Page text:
When first engaging with a Waldorf School we have to get used to the fact that the management structures that we encounter are not necessarily what we have come to know in other mainstream schools.

Waldorf schools are often referred to in the world as ‘free’ and ‘independent’ schools, due to the nature of the way in which they organise themselves. Waldorf Schools may one day be regarded as one of the most significant initiatives of the twentieth century.

They are dynamic educational impulses, now the fastest growing independent education movement in the world. However most Waldorf schools operate from a flat structure, where the striving for consensus is at the heart of every engagement that develops the school.

New families need to take time to experience the function of this new form.

“How”, you may ask, “does a school manage without a headmaster or principal?”

The ‘CONNECTIVI’TREE – how we see Stellenbosch Waldorf School

Along with the two overarching management structures of the school, The College of Teachers and the Board of Trustees, all the day-to-day activities and operations are carried out by Administration, which is supported by Seven Action Groups/Mandates.

At Stellenbosch Waldorf School, our organisation is viewed as a living system, identified in the form of a tree – in cross-section.

Using the tree organism and the school’s list of mandates, the ‘CONNECTIVI’TREE became a pictorial representation of the school’s organisational activities and life. The ‘tree’ remains the informant for how we view and work with connectivity and our network with the child and student being the heartwood of the tree.

This life giving, self-regulating image of the organization presents a framework in which individual strengths and interests can be liberated to contribute to our greater collective and interwoven organizational community. Thus supporting the metamorphosis of our organization.

Simply put the diagram strives to:

  • Represent the operational aspects of the School in an accessible way
  • Bring life to the existing and possible roles and responsibilities for the greater community.
  • Demystify structures, relationship of activities and people involved.
  • Ensure that representatives are contactable and accountable.
  • Design an infrastructure which can assist and uphold any individualized effort into the collective and contribute to the whole

Almost more important than the groups themselves are the connections and relationships created between the groups. Without the connectivity a group can become isolated from the whole with neither benefitting nor nurturing the potential and opportunities for growth.

All living things depend on a process and life divides into seven definite processes, which are represented as the 7 branches of the tree. This life-affirming image, of our School presents a framework in which individual strengths and interests can be liberated to contribute to a collective and interwoven organisational community that supports the College of Teachers in their task of Waldorf Education.

A guide as to how this ‘Connectivi’Tree works:

  • The Child/Student is placed in the Heartwood of the tree and is at the core of our living system
  • School Governance – Informed by Anthroposophy, The South African Federation of Waldorf Schools, WCED, ISASA, UMALUSI, SWS Trust Document, SWS Charter as well as the SWS policies and procedures. Regular reporting is done on a weekly, monthly, termly or annual basis to the relevant bodies.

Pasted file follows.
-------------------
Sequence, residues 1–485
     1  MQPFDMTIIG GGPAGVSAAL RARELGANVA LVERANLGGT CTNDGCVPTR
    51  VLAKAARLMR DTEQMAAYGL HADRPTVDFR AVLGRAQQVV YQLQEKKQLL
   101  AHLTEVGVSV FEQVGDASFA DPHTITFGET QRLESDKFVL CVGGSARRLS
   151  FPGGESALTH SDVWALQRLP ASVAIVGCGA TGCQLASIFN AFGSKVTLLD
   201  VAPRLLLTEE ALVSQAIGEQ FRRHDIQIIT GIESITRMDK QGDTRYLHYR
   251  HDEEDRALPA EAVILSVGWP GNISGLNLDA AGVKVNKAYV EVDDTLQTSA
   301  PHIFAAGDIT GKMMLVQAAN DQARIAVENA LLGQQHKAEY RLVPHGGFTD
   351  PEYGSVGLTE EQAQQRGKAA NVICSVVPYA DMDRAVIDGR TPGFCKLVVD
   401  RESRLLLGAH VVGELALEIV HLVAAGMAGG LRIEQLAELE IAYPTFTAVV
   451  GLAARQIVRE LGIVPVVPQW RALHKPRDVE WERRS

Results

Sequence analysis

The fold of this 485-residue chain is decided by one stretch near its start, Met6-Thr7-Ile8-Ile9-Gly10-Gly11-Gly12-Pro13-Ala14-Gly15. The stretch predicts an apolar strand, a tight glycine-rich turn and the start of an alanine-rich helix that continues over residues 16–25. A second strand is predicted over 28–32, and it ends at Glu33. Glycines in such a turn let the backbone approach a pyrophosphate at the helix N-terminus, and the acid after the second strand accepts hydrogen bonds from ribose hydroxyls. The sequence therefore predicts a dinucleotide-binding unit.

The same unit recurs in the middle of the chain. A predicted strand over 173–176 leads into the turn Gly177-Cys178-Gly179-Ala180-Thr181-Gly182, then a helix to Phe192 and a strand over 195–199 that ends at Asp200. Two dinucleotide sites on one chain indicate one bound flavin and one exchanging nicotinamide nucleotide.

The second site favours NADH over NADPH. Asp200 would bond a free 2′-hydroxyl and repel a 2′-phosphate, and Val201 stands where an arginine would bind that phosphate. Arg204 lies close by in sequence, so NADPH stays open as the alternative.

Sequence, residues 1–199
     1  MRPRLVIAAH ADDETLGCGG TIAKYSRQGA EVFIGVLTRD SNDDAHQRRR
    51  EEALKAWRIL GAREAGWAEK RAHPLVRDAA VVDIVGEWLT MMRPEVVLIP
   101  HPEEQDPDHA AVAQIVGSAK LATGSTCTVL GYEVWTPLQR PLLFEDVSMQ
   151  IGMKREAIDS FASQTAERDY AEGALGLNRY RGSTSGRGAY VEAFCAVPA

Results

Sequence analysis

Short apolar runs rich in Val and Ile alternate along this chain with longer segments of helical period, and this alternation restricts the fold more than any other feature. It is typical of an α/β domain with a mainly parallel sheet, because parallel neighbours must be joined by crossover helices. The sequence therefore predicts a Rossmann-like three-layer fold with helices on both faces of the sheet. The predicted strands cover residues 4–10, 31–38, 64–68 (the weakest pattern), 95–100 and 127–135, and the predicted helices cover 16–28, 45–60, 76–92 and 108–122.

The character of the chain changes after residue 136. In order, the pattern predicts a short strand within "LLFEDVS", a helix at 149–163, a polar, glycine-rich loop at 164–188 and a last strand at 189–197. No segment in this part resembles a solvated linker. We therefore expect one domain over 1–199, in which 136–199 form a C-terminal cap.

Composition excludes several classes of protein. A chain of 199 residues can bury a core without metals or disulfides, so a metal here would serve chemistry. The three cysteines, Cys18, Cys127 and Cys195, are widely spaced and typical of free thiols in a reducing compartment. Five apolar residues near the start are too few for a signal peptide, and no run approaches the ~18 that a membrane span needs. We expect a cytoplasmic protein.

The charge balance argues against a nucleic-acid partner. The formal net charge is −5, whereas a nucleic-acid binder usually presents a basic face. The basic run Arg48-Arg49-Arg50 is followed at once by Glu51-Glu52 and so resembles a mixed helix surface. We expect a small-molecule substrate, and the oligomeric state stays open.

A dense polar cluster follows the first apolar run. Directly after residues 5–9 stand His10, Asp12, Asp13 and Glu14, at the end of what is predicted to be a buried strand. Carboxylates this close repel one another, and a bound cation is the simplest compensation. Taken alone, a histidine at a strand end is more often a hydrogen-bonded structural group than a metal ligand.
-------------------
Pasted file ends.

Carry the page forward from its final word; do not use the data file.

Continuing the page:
• College of Teachers – Ultimately responsible for the pedagogical development and well-being of the School. All faculties (Kindergarten and Playgroup, Primary School, High School, Matric and Aftercare) are represented in the seven aspects which are brought to the weekly College of Teachers meetings.
  • Board of Trustees – Guardian and overseeing role. Responsible for collaborative strategic thinking and direction. Meet monthly or when required. Work closely with the College of Teachers and report back at the annual general meeting.
  • Admin Operation a Coordination– Connection point of the school. This function is pivotal in providing the operational administrative support to the 4 groups above as well as the Seven Aspects of the school. This core role is key to the wellbeing of this living system and reports to the College of Teachers and the Board of Trustees on a regular basis.
  • Seven Aspects – These seven functional areas are comprised of appropriate and interested members from SWS Staff, Parents and Trustees. Each group is empowered to make decisions, recommendations, initiate task/action groups and hold accountability for their mandate, however, many tasks require Board and or College authority or directive to act for and on behalf of the school. The Seven Aspects are as follows:
    1. Pedagogical
    2. Our Story
    3. Our Home
    4. Our People
    5. Connection – a number of groups and roles support this aspect
    6. Administration
    7. Economic

Details of each group can be seen in the diagram. Each group meets regularly and some have more formalised managerial and reporting structures i.e. FINOPS (Economic), Administration and Pedagogical.

Focus or Interest Groups – Out on the periphery of the tree is where the real opportunity for diversity and flexibility lives. A group that arises from an impulse, a need, a support requirement or a desire. These groups have a specific time frame (not ongoing) and become either operational groups or mandates or simply dissolve. These groups can be of a ‘project’ nature and they can include: new ventures, campaigns, research, administrative support, strategy, events or study groups. These groups are generally enlivened by the parent community.

There is more information on the structure and management in the School Family Handbook.

Click on the graphic to enlarge.